St. Nicholas, also called Nikolaos of Myra, [270-343] was a 4th-century Greek Bishop of Myra, in Asia Minor [present day Turkey]. The great veneration with which St. Nicholas has been honored for many ages and the number of altars and churches that are dedicated in his memory testify to his holiness. Nicholas was chosen bishop and achieved notoriety by his extraordinary piety, zeal for the Gospel and for his many miracles. He suffered imprisonment in the persecution waged under Dioletian. He was present at the Council of Nicaea where he condemned Arianism. St. Nicholas died in Myra, and was buried in his cathedral.


St. Ambrose of Milan [340-397] spent much of his life listening. He listened to St. Monica as she wept about her sinful son – the future St. Augustine. In 374 the bishop of Milan, Auxentius, an Arian, died, and the Arians challenged the succession. Ambrose went to the church where the election was to take place, to prevent an uproar, which was probable in this crisis. His address was interrupted by a call "Ambrose, bishop!", which was taken up by the whole assembly.

Ambrose ranks with Augustine, Jerome, and Gregory the Great, as one of the Latin Doctors of the Church. Theologians compare him with Hilary, who they claim fell short of Ambrose's administrative excellence but demonstrated greater theological ability. St. Ambrose succeeded as a theologian despite his judicial training and his comparatively late handling of Biblical and doctrinal subjects.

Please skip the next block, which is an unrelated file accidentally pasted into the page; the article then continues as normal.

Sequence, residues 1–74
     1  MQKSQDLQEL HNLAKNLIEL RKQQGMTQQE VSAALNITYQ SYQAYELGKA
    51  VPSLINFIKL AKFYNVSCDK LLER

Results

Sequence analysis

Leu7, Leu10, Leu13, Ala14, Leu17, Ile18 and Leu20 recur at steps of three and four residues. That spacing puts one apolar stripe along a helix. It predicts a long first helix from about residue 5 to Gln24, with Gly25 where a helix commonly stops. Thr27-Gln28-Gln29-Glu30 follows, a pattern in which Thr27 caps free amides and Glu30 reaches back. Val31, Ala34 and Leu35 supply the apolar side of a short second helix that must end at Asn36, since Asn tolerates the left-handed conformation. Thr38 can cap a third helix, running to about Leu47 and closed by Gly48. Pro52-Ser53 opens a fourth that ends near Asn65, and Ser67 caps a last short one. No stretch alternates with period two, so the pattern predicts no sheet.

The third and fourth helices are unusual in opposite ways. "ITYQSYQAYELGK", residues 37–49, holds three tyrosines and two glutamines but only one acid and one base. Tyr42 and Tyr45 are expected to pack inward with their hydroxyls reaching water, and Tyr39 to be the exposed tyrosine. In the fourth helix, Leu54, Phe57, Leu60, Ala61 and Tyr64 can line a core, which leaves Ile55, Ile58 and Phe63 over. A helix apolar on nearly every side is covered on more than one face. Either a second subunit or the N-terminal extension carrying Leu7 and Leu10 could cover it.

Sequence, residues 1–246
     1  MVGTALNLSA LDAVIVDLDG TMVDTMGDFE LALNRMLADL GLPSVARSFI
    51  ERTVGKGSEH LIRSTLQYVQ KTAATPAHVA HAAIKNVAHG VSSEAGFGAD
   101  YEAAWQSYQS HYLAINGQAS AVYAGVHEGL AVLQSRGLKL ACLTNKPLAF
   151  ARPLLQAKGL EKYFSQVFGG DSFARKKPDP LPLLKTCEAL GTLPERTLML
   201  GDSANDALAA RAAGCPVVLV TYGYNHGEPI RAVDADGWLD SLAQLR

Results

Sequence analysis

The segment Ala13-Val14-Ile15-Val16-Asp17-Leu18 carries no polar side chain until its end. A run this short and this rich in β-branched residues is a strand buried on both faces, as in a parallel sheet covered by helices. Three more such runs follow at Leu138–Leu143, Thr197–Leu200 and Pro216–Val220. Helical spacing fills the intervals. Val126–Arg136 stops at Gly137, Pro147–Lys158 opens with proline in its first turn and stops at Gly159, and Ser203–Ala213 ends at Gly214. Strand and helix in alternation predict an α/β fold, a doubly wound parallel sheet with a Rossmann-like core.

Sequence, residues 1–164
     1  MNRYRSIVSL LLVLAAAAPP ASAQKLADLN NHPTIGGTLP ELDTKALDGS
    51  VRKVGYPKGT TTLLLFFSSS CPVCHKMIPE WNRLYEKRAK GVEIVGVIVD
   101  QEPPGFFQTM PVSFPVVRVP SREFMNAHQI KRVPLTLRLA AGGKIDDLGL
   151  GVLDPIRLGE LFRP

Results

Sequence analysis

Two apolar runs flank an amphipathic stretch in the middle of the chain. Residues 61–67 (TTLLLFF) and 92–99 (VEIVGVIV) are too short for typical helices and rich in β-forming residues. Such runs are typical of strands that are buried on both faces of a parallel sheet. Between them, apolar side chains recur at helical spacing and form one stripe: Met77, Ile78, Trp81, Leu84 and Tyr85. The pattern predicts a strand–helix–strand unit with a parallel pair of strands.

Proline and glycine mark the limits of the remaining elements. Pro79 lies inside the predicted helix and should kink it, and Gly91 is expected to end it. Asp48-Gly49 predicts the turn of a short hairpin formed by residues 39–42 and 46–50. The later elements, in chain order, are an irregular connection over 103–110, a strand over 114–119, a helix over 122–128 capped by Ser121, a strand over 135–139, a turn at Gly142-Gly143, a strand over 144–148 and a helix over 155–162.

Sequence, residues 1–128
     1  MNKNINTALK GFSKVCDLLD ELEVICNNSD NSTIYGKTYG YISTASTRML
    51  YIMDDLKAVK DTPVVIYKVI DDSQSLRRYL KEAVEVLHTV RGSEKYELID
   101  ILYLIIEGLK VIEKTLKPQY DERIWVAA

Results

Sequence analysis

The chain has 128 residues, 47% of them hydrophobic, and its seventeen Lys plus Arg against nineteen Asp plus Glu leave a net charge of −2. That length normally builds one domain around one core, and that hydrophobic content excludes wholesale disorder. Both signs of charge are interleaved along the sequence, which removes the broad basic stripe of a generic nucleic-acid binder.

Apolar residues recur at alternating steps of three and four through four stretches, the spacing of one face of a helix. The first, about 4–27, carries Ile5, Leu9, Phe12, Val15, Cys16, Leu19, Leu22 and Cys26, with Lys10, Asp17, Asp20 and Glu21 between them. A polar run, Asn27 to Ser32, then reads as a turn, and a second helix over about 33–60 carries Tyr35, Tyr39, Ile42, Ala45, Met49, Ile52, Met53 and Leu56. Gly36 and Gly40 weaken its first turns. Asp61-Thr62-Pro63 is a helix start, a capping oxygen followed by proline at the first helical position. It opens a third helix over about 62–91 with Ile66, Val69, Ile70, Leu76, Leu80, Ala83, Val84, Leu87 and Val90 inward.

ST. LUCY (DEC. 13) 

Lucia of Syracuse, also known as St. Lucy, or St. Lucia, [283-304] was a Christian martyr who died during the Diocletianic Persecution. St. Lucy chose to be a Christian at a time when Christianity was illegal. She gave up her riches and devote her life to the poor After resisting the advances of a Roman soldier, St. Lucy was denounced as a Christian and brutally executed. She is one of eight women, who along with the Blessed Virgin Mary, are commemorated by name in the Canon of the Mass.

Lucy's Latin name Lucia shares a root [luc-] with the Latin word for light, lux. Hence St. Lucy is the patron saint of the blind and those with eye-trouble. [Popular piety depicts Lucia as tortured by eye-gouging prior to her martyrdom.]


St. John of the Cross, [1542-1591] priest, mystic and founder of the Discalced Carmelites, figured prominently in the Counter-Reformation. He is known also for his writings. St. John's poetry and his studies on the growth of the soul are considered the height of mystical literature. His Spiritual Canticle and the Dark Night of the Soul are seminal masterpieces of Spanish poetry. In contrast to his lofty verse, St. John took for himself the most menial of jobs. Before entering religious life he worked in a hospital for people afflicted with leprosy. Even when holding high administrative posts he assumed the lowliest tasks. His life reminds us that no matter how soaring our spirituality, Christians are called to humility and selfless service in the imitation of Christ.

1 comment :

lexie robinson said...

I am SO excited for Advent! I literally skipped into Church yesterday after I saw the Nativity on the lawn. Thanks for sharing some saints for me to bond with during this anticipatory season.

God bless!